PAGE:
So you’ve heard about it and have seen the hype about its revolutionary developments for the technology sphere, but do you actually know what 5G is? If you don’t, you’re not alone. Short for fifth-generation wireless systems, 5G is the latest iteration of cellular technology that your devices will run its system programs off of. These developments allow for network splicing, which enables multiple channels to run on a singular network. As a result, many benefits will be brought to your use of all those devices our lives revolve around.
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5G will bring 3 main, noticeable improvements to your technology:
1. Quicker speed
2. Lower latency (more responsiveness)
3. Greater ability to simultaneously connect multiple devices
Although 5G devices will not be compatible with 4G services, these products will likely continue to run on 4G until they trade up in order to lean on its old capabilities to create initial connections with the new radio feed. In the 4G world, large, high power cell towers were required to transmit and track signals at long distances. Unlike this system, 5G will base it’s signals on a large number of small cell sites around town in places like existing roofs and light poles. This means better service for each individual. So what will users see changing in their technology?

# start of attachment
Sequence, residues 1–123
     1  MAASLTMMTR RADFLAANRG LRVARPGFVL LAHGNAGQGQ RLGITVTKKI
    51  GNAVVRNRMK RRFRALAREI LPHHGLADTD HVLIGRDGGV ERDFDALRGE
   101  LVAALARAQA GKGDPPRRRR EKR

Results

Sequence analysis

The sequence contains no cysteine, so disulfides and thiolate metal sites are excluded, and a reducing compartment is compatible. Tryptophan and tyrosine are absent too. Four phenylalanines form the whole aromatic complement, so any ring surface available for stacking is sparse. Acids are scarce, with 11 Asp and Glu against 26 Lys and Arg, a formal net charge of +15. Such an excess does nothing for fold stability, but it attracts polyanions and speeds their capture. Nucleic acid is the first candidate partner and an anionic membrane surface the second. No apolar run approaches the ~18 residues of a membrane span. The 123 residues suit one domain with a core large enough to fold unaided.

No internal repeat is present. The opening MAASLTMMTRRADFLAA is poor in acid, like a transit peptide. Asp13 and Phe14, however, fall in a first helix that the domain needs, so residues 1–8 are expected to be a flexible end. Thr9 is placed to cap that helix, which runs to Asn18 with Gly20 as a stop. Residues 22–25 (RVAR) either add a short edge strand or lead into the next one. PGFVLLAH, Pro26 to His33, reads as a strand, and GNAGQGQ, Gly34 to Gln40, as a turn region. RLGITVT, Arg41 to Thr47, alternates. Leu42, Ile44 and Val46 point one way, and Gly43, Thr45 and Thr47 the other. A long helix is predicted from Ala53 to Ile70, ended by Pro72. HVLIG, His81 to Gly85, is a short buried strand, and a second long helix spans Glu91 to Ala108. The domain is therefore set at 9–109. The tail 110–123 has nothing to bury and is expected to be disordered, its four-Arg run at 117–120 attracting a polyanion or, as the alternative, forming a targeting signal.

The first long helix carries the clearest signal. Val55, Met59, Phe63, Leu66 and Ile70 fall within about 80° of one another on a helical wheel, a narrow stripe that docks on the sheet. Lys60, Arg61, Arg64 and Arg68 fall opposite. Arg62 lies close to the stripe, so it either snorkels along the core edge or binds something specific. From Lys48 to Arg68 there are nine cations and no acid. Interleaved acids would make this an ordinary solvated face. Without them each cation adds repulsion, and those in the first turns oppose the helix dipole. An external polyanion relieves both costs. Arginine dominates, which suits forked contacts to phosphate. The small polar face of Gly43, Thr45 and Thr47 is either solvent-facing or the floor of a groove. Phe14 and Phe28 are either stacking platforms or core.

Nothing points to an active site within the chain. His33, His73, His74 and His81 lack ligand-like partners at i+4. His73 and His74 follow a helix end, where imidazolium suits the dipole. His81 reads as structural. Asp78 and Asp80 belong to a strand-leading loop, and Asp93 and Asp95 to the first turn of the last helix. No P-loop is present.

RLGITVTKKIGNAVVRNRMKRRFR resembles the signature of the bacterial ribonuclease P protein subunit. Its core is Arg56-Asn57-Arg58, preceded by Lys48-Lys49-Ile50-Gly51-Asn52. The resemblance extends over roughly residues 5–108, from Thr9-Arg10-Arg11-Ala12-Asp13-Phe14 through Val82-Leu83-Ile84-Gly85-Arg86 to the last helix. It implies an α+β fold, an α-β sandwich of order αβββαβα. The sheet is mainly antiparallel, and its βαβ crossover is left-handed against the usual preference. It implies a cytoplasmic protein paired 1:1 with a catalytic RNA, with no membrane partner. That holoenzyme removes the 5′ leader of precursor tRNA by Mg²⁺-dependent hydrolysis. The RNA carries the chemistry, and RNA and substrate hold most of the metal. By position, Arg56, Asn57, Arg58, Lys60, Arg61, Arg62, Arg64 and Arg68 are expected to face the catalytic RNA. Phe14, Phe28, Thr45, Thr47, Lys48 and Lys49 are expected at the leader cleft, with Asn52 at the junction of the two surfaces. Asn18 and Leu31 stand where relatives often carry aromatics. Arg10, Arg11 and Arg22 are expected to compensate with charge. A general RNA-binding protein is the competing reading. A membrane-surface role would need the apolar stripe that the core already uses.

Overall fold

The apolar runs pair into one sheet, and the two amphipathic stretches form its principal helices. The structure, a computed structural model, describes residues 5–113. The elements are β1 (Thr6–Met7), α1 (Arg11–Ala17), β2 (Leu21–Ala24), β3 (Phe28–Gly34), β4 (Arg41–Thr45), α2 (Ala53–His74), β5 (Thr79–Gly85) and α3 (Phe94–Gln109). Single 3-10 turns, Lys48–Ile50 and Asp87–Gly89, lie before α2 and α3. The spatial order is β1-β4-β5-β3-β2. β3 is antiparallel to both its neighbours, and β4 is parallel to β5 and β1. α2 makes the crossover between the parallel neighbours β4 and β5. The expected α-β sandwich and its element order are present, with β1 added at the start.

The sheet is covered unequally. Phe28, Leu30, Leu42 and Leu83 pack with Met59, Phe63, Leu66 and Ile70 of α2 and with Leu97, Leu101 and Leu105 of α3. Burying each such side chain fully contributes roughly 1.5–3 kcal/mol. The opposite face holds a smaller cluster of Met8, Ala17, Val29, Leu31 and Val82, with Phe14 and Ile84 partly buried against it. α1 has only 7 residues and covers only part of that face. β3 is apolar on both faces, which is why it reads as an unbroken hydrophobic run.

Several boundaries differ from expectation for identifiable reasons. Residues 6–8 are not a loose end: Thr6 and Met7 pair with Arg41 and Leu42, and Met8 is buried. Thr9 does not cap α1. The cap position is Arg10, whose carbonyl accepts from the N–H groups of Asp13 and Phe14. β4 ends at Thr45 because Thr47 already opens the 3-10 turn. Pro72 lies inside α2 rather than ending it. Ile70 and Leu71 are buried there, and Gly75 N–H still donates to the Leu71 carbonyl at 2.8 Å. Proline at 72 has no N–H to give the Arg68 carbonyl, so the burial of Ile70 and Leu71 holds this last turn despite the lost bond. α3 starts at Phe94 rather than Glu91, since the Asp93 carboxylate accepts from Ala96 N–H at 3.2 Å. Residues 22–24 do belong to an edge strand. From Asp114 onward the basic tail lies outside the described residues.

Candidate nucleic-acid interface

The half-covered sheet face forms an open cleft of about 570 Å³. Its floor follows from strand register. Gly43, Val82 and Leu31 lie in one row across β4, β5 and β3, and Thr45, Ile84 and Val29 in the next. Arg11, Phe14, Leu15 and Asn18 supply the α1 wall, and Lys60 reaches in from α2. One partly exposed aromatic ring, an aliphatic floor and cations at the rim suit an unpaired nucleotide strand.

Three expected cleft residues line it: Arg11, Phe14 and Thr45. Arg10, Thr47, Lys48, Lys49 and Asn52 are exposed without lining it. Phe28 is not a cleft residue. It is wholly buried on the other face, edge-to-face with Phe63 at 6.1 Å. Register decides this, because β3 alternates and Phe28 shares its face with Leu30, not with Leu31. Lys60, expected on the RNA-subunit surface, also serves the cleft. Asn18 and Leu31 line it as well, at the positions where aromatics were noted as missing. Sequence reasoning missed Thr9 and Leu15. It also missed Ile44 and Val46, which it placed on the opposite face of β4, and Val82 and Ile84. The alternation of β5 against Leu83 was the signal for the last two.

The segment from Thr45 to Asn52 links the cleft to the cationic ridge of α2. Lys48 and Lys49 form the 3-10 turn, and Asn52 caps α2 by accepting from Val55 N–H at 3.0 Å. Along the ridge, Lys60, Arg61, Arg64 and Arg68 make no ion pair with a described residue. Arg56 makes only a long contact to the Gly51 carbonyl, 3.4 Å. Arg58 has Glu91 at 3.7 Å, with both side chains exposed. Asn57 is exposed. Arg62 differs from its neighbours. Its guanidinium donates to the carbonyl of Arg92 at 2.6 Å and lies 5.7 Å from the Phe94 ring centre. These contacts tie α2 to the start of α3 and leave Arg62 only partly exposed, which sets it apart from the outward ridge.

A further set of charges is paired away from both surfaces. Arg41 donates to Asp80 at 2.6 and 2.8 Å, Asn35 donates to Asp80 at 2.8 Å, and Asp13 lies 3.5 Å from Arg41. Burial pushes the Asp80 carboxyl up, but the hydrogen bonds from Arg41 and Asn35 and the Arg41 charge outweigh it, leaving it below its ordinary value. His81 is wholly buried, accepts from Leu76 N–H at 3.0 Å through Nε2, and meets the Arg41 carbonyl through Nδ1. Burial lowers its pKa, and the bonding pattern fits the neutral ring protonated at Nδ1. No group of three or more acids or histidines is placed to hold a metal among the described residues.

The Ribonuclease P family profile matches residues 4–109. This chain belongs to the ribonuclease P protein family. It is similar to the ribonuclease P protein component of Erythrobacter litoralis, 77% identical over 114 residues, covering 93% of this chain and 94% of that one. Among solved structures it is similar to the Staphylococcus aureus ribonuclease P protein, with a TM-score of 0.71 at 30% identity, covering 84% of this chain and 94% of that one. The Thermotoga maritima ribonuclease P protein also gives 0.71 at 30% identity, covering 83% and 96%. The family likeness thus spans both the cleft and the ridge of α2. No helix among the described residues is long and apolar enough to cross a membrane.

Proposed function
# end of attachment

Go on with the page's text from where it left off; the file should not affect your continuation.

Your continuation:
AT&T will be the first to launch 5G in 12 cities by the end of 2018. The problem with the switch to all 5G is the lack of mobile devices that are compatible with the technology. This change will require a modification of home methodologies first and foremost which is the priority for the major companies as of now. This would drastically change the speed at which you are able to use the internet within your home, but not outside of those confines.
As the technology develops and grows, the ability to provide greater bandwidth will be crucial to our operation of devices. The current issue is that many companies are unable to see what exactly the return on investment will be on 5G. Many hope that by 2030, fixed wireless broadband services will provide a way for cheaper use of dissemination of 5G by bypassing the need to connect fiber optics to every residence, but rather installing them to local cell sites and delivering services through wireless modems to individual residences. This will increase accessibility for users and decrease costs for operators.
Imagine a world where buffering was non-existent, full-length movies would download in seconds, and your email tab appeared quicker than you could see in a blink of an eye. That is the goal of 5G. Until we learn more about how to adapt this technology to mobile devices, we will have to settle for only home applications. But don’t discount operators too quickly. Companies like Sprint and T-Mobile have made this their number one priority, even merging to create a new T-Mobile that will have the resources and capability to discover the full potential of 5G. It is easy to say that they are working tirelessly to improve upon the existing usages of 5G and will not stop until access to these services is available to the greatest amount of people in the greatest amount of places.